In the artistic sense of the word, Ajanta caves are not really caves at all, but temples engraved out of living rocks. Generations of Buddhist monks kept excavating and beautifying these rock-cut cave chapels and monasteries. Ever since the year 200 BC, the Ajanta ravine had been great monastic centre. Initially, it used to be a shelter against the ravages of the monsoon. These famous rock cut caves, pride of Maharashtra, are illustrative of superlative skill of craftsmanship prevalent in various parts of India. The carvings of these caves, used as Chaityas (chapels) for prayer and Viharas (monasteries) where Budhhist monks lived and pursued learnings and teachings, started in 2nd century BC and continued till 6th century AD. These caves, termed as World Heritage Sites by UNESCO and being preserved by the Archaeological Survey of India , are exposition of skill and artistry that Indian craftsmen had achieved thousands of years ago.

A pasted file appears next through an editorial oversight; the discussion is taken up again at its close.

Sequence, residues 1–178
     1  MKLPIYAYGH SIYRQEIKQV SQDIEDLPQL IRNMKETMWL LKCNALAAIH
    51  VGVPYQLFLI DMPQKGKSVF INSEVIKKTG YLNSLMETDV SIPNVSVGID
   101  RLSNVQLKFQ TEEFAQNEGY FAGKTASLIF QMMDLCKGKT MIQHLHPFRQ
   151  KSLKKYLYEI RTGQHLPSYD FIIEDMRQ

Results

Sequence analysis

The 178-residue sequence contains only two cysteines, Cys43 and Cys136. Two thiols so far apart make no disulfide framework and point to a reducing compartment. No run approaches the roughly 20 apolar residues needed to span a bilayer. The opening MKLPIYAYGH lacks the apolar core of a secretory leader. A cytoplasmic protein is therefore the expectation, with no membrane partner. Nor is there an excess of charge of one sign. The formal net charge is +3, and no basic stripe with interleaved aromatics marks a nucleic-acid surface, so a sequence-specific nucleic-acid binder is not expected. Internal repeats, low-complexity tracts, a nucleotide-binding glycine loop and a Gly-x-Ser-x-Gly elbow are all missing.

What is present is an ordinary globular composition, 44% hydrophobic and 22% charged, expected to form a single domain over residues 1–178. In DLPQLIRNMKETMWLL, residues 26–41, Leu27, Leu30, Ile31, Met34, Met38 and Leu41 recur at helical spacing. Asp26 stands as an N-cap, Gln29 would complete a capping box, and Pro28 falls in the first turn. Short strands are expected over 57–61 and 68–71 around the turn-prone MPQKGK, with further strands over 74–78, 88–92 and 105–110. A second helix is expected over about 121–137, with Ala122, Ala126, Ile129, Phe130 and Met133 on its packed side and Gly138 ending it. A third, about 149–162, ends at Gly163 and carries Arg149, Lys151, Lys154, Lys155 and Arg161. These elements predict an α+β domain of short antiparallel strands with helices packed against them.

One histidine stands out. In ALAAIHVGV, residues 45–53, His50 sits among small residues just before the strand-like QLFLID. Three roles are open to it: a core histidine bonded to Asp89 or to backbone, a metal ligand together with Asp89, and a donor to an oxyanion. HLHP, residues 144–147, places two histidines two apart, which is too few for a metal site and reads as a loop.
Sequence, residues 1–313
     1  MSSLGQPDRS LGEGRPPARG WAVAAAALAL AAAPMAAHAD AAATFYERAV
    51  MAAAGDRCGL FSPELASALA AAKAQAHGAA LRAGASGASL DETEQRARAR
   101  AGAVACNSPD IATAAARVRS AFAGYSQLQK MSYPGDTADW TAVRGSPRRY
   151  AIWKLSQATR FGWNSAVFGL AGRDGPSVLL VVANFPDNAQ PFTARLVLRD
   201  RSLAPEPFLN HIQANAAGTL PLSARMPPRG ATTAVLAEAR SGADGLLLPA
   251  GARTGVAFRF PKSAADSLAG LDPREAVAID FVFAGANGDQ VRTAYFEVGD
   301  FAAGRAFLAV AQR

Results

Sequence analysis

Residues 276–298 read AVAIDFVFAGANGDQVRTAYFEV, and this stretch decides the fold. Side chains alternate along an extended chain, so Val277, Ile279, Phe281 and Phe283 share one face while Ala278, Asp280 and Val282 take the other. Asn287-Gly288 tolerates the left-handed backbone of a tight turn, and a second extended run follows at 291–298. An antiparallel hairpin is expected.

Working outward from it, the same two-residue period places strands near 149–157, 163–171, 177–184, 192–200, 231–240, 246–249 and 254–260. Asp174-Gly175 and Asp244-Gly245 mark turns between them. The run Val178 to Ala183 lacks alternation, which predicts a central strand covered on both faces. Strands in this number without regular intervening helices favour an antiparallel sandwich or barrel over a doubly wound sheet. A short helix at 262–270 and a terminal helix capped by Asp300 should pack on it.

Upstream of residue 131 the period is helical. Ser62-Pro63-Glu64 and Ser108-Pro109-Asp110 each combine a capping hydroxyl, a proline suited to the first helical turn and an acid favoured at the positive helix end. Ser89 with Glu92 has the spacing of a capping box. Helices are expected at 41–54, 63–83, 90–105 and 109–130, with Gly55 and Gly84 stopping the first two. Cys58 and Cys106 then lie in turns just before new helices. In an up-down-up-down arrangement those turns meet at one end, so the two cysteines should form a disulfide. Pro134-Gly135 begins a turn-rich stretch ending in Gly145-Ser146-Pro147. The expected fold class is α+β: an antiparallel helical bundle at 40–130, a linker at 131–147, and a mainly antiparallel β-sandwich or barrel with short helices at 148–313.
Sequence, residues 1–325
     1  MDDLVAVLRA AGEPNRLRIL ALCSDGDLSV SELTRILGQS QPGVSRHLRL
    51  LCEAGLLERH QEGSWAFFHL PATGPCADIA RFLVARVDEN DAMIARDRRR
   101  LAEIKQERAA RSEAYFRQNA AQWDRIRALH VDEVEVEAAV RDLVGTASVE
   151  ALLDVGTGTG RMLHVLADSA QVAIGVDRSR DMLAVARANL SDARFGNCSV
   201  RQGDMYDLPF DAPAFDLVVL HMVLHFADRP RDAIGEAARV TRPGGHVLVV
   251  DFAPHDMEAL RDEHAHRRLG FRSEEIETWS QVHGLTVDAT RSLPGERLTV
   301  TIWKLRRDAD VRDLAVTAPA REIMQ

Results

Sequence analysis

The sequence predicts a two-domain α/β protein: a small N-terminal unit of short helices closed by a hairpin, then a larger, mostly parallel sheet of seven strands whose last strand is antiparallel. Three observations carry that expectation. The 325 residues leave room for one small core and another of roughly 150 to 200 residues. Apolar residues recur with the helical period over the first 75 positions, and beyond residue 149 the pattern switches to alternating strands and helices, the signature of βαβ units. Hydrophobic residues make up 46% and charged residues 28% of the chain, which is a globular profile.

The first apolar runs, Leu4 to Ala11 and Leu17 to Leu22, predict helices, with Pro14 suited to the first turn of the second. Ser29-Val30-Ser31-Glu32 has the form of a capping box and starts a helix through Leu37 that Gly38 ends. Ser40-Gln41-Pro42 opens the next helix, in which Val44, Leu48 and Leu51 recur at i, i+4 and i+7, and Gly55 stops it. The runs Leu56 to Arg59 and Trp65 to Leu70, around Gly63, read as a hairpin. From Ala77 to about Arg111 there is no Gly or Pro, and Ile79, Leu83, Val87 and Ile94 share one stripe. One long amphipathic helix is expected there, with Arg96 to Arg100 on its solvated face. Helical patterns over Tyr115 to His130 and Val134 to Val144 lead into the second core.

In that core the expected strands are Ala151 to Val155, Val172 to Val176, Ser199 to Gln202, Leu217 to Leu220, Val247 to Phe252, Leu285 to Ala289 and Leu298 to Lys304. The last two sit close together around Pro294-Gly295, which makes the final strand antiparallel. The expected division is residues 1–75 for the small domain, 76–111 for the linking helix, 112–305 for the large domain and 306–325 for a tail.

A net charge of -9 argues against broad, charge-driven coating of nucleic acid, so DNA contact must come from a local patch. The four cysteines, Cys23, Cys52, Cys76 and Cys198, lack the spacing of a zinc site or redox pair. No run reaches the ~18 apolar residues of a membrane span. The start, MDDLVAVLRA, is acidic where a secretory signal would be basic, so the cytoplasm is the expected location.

Ajanta is about 105 kms north of Aurangabad. The nearest Rail station to Ajanta is Jalgaon These caves were rediscovered in the year 1819 by a party of the British army in India. There are in all 30 caves and are excavated in the southern side of the bank of a ravine. Ajanta caves represent the flowering of Buddhist art in India. It is only recently that Ajanta has become one of the major tourist attractions of India.
A clockwise circumambulation of the cave begins with the Mahajanaka Jataka. The main shrine here is the shrine of the third member of the Buddhidt Trinity- the Buddha himself. Caves 1,2,16,17 and 19 have the best paintings or murals while in caves 1,4, 17, 19, 24 and 26 may be found the best of sculpture works.